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Thinking About the Cow

April 19, 2011

I watched a documentary over the weekend. Perhaps you’ve heard of it?

I’ll be the first to admit that I’m not always vigilant about buying organic or grass-fed meat. I sometimes put more emphasis on price than real value.

Never again.

If ever you needed a few good reasons as to why buying local, grass fed meat and non-GMO produce and meat, this docu will give you enough to keep you far, far away from “conventional” meat and produce.

The documentary isn’t an attack on meat– far from it. It’s an attack on our food system: how corporations make the rules, how we can’t just rely on government agencies to decide what’s safe/healthy, and how ethics have taken a back seat when it comes to our food.

In short, Food Inc. makes you think beyond the steak sitting on your plate.

It makes you think about the cow.

It makes you think about the factory workers.

It makes you think about the farmers.

For for information on Food Inc. and what you can do to help change the way our food system works, click here to visit their Web site.

Now regardless of the documentary not attacking the idea of eating meat, I haven’t been able to cook meat– grass-fed or otherwise– since watching it on Saturday.

And while I don’t think I could ever give up eating meat permanently (I love chicken and seafood, and even red meat, as much as the next omnivore), it made me realize how many different ways you could make a meal without touching meat.

I picked up lunch at Erewhon (a health food store), and I opted for roasted brussels sprouts with red onions and sun dried tomatoes and some curried chickpeas:

For breakfast on Monday morning, I had a thick slice of whole wheat bread with almond butter, Trader Joe’s Mango butter, some sliced raspberries, and a sprinkling of chia seeds (good source of fiber, healthy fat, and calcium).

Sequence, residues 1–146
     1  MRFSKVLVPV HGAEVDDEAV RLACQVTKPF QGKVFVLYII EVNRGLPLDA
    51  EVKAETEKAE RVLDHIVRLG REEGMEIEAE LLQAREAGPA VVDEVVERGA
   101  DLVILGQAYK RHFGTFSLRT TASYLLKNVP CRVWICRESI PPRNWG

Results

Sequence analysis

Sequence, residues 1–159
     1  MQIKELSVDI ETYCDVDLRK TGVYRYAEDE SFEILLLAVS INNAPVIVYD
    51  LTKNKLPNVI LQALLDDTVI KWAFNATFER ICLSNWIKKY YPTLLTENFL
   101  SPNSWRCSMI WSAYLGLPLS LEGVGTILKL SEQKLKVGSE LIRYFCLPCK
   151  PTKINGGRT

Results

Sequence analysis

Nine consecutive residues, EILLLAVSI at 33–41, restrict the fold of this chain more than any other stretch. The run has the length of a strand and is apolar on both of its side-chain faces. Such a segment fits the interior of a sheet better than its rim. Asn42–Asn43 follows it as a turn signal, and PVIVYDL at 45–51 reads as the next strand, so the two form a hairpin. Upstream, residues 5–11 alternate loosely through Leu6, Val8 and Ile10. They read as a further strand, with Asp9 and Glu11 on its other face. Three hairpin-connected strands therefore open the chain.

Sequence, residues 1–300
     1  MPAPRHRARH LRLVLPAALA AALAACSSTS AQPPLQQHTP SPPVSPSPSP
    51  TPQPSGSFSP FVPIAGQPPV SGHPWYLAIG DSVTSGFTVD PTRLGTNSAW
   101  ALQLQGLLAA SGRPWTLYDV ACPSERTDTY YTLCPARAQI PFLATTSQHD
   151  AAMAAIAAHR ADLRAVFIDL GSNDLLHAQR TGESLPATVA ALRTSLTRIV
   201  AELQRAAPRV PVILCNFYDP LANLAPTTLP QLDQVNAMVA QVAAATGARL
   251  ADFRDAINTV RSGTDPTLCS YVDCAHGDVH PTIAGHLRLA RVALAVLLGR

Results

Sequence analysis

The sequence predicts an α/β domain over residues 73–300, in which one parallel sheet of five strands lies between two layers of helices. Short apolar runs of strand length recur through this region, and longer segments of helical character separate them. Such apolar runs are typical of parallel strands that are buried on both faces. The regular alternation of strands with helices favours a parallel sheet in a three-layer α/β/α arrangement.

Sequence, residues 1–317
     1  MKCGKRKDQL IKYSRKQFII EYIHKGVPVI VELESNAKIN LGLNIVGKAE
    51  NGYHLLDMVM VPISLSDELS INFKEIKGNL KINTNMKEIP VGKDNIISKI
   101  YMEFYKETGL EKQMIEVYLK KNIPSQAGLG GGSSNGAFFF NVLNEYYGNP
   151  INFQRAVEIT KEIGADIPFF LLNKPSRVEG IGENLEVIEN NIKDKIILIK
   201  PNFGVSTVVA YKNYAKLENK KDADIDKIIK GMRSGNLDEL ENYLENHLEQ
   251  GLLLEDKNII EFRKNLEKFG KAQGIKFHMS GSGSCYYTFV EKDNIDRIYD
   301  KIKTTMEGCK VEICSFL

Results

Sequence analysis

I also had some Siggi’s drinkable yogurt, which I found at Whole Foods over the weekend. It’s only 60 calories for the little bottle, and it tastes like fruity Greek yogurt (but not very sweet at all, so it might not be your thing). They get their milk from grass-fed cows, and the ingredients aren’t scary-sounding.

Take a look for yourself (sorry for the blurry photos):

For lunch at work, I packed a kale salad topped with tempeh that was brushed with peanut sauce and browned.

I used Trader Joe’s Satay Peanut Sauce. So. Good.

For the kale salad, I massaged juice from 1/4 of a lemon and a few sprays of the olive oil into the kale leaves.

The tempeh was delicious, but I need to come up with a simple dressing for the kale that packs a bigger flavor punch. The lemon juice + olive oil left a bit to be desired.

Have you ever made a salad with kale? What did you use?

Chris and I worked on another food photography project over the weekend, so stay tuned for the photos this week!

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8 Comments leave one →
  1. April 19, 2011 2:39 pm

    All your food looks great! When I make kale salads I add lemon juice, olive oil and chili powder and it’s simple, but really good.

    • April 20, 2011 8:49 pm

      I didn’t think of chili powder, I’ll try that next time. Thanks!

  2. April 19, 2011 8:35 pm

    I haven’t eaten chicken since watching Food, Inc. It’s a great film!

    • April 20, 2011 8:48 pm

      Agreed! So well done, and I still haven’t been able to cook meat. I’ll get there, just not yet. šŸ™‚

  3. April 20, 2011 4:26 pm

    I saw drinkable Siggi at WF this weekend too and I almost bought it! How was it?

    • April 20, 2011 8:48 pm

      It was good! It tastes just like Greek yogurt with a hint of fruit. It says there’s agave in it, but I didn’t taste much sweetness.

  4. Phil permalink
    April 24, 2011 6:18 pm

    I havent eaten a cow in 11 years. Good for you for eating healthy.

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